TAIEX makes slight rebound
Taiwanese shares closed 1.22 percent higher yesterday as investors hunted for bargains after losses in the previous session, dealers said.
The weighted index closed up 105.39 points at the day’s high of 8,724.47, off a low of 8,631.46, on turnover of NT$97.27 billion (US$3.21 billion).
“Despite a rebound after a quite disappointing week, investors could not bring themselves to help push the upside much further,” Taiwan International Securities (金鼎證券) analyst Arch Shih (施博元) said.
The contraction in turnover yesterday was a clear indication of this, he said, adding that the best-case scenario for the local bourse would be rangebound consolidation in the near term.
After having locked in profits accumulated in previous months on an anticipated rapprochement with China, people are now increasingly watchful of fundamental factors, he said.
“The big picture is that the world is faced with slower economic growth compounded by rising inflation,” Shih said.
Investors kept their eyes on local high-tech stocks on expectations of new contracts being consigned to companies at the Computex trade show in Taipei that begins today, dealers said.
Minister skeptical on tax idea
Minister of Finance Lee Sush-der (李述德) yesterday voiced reservations about the idea of axing tax credit for high-income industries as proposed by a chip tycoon last week to encourage the nation’s rich to pay more taxes.
Lee told the legislature’s Finance Committee he did not agree with Taiwan Semiconductor Manufacturing Co (台積電) chairman Morris Chang (張忠謀) completely, arguing that tax incentives are necessary to help local industries prevent brain drain.
Chang said on Friday that the government should not seek in any manner to keep alive the law aimed at promoting industrial development by providing various tax benefits. The law is due to expire at the end of next year.
Several legislators had lauded Chang’s courage in making the remarks, but argued that any hike of the top 40 percent tax rate for the nation’s individual income earners would scare away foreign investors and end up hurting the nation’s economic competitiveness.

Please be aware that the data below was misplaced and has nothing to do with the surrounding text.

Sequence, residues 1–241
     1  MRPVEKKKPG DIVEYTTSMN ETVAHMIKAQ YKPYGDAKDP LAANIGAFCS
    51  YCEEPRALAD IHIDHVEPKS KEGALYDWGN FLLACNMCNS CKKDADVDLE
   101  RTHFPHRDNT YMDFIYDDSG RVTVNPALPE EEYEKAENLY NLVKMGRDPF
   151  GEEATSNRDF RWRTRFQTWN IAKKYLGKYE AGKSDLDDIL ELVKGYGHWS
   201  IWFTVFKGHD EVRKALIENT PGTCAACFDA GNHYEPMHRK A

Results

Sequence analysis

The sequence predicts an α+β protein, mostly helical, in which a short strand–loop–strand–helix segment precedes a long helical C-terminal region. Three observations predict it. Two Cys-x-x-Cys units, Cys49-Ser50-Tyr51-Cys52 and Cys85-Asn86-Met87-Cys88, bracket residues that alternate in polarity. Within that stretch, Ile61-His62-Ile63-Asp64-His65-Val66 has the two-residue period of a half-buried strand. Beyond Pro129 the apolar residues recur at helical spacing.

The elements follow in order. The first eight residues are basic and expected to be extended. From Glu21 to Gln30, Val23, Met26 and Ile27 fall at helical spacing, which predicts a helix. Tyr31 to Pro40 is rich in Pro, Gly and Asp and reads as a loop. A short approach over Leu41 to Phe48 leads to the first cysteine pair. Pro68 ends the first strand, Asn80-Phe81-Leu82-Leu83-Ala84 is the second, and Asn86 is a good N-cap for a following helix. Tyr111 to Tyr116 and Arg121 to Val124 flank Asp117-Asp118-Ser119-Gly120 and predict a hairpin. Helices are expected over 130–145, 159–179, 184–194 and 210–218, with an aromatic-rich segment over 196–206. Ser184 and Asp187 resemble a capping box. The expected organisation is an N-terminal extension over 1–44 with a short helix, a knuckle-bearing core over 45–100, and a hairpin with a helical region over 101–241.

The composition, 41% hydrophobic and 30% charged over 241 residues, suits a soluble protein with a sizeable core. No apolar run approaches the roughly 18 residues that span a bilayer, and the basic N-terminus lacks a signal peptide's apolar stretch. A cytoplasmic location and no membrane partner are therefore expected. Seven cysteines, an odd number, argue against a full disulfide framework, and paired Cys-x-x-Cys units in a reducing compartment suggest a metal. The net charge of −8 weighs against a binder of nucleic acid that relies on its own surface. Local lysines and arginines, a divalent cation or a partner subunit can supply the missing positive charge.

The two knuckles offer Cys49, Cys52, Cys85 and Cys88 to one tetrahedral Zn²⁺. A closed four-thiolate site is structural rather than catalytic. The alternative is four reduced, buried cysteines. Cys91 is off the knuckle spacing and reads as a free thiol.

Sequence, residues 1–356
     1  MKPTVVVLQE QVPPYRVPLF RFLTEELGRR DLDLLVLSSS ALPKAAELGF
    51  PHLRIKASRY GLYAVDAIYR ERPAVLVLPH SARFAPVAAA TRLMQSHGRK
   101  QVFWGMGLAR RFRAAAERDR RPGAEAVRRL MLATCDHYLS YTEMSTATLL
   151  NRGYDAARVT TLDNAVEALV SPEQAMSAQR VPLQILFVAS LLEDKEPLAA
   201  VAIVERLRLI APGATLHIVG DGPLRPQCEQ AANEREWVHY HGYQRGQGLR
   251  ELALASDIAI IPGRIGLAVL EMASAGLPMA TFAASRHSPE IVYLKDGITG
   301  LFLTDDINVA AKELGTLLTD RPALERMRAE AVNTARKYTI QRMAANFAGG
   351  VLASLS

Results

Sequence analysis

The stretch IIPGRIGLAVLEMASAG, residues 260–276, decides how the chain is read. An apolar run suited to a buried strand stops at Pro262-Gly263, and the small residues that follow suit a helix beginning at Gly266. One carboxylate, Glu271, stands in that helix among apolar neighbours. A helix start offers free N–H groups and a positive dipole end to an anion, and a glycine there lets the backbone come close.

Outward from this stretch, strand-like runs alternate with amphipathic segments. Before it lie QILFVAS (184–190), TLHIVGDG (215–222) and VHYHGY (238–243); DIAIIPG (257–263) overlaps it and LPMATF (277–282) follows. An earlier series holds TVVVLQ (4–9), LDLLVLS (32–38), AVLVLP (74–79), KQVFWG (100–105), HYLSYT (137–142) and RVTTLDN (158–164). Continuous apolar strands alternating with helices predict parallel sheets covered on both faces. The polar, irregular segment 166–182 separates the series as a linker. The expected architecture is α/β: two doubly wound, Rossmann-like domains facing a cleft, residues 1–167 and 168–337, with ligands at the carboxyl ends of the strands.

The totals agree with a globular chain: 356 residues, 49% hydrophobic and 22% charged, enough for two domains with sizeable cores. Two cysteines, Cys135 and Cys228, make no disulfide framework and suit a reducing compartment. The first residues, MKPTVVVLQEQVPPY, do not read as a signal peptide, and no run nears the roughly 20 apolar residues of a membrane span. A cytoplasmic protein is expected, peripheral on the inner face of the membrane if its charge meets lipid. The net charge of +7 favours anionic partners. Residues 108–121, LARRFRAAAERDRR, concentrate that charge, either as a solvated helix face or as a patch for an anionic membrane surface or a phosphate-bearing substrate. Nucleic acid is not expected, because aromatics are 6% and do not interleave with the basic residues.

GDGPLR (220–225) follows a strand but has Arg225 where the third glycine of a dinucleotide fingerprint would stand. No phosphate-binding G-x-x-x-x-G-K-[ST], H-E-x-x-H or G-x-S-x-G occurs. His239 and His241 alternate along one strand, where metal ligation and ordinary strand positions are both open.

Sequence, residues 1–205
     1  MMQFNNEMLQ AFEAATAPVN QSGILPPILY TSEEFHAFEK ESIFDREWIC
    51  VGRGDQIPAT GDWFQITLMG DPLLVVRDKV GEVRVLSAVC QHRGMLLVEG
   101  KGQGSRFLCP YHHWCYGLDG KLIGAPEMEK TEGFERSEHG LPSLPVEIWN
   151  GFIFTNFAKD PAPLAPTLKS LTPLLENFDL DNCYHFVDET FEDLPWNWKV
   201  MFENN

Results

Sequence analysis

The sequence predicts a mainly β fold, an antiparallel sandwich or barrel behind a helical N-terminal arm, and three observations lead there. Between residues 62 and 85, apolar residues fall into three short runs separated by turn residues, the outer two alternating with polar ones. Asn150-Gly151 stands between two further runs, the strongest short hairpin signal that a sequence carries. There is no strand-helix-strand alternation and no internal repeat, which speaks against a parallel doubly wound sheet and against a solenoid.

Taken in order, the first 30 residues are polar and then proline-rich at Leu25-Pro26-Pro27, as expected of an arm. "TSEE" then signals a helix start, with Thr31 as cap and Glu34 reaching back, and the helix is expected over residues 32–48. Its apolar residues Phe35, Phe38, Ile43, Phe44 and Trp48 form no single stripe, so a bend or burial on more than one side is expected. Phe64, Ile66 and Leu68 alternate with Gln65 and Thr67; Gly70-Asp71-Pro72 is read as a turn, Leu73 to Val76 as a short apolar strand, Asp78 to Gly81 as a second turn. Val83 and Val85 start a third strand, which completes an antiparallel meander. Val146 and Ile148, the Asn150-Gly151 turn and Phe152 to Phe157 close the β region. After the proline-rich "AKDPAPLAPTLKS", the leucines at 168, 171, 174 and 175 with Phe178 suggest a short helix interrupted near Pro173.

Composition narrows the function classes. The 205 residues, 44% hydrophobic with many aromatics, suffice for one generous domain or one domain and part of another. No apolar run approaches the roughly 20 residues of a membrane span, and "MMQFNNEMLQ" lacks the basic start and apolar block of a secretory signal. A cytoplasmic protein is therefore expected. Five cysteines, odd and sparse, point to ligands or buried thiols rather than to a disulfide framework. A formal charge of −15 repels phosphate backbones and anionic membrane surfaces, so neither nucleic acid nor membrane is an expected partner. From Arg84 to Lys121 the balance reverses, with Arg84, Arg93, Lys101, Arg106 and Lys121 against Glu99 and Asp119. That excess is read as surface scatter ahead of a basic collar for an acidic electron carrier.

Hon Hai forecasts sales growth
Hon Hai Precision Industry Co (鴻海精密), the world’s largest contract electronics manufacturer, forecast annual sales of US$50 billion to US$60 billion, said an analyst who attended the company’s annual shareholder meeting in Taipei.
Chairman Terry Gou (郭台銘) urged investors to “look at the longer term,” said Calvin Huang, a Taipei-based analyst at Daiwa Institute of Research Ltd, who rates the stock “sell.”
Hon Hai makes iPods for Apple Inc, game consoles for Sony Corp and computers for Dell Inc. The company posted parent-level sales of NT$1.2 trillion (US$39.6 billion) and consolidated sales of NT$1.7 trillion last year.
Hon Hai spokesman Edmund Ding (丁祈安) said he couldn’t immediately confirm if the forecast given by Gou was for consolidated or parent-level sales.
NT dollar hits six-week high
The NT dollar yesterday advanced to the highest level in six weeks on optimism that closer ties with China will boost the economy.
“The planned opening to mainland money will boost demand for the Taiwan dollar, boding well for the currency,” said Dariusz Kowalczyk, chief investment officer at CFC Seymour Ltd in Hong Kong.
The NT dollar advanced 0.6 percent to close at NT$30.219 yesterday on turnover of US$1.532 billion, according to Taipei Forex Inc. The currency may “test NT$30,” Kowalczyk said.
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